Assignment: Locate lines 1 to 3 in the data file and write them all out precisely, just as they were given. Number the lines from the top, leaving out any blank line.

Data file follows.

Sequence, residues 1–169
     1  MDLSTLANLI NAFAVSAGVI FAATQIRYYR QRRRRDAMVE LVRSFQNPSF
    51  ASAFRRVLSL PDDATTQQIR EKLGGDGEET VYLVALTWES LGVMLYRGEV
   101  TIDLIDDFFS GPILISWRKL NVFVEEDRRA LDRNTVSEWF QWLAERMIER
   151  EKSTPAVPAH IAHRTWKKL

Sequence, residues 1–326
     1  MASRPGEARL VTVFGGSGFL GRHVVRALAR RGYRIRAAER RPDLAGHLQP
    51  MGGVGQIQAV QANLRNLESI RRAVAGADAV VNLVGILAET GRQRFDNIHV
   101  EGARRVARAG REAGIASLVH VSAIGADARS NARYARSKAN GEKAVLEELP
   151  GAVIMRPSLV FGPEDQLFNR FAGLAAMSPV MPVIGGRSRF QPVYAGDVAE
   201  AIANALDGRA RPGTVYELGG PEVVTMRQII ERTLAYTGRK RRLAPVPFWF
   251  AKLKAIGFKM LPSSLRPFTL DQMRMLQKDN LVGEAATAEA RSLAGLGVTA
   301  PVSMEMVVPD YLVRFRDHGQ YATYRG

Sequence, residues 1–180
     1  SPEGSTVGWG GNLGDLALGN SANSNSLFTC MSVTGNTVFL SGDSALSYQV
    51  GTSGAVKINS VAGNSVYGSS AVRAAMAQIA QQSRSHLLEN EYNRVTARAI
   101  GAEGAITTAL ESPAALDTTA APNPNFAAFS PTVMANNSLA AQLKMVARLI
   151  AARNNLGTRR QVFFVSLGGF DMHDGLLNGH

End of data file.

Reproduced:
Sequence, residues 1–169
     1  MDLSTLANLI NAFAVSAGVI FAATQIRYYR QRRRRDAMVE LVRSFQNPSF
    51  ASAFRRVLSL PDDATTQQIR EKLGGDGEET VYLVALTWES LGVMLYRGEV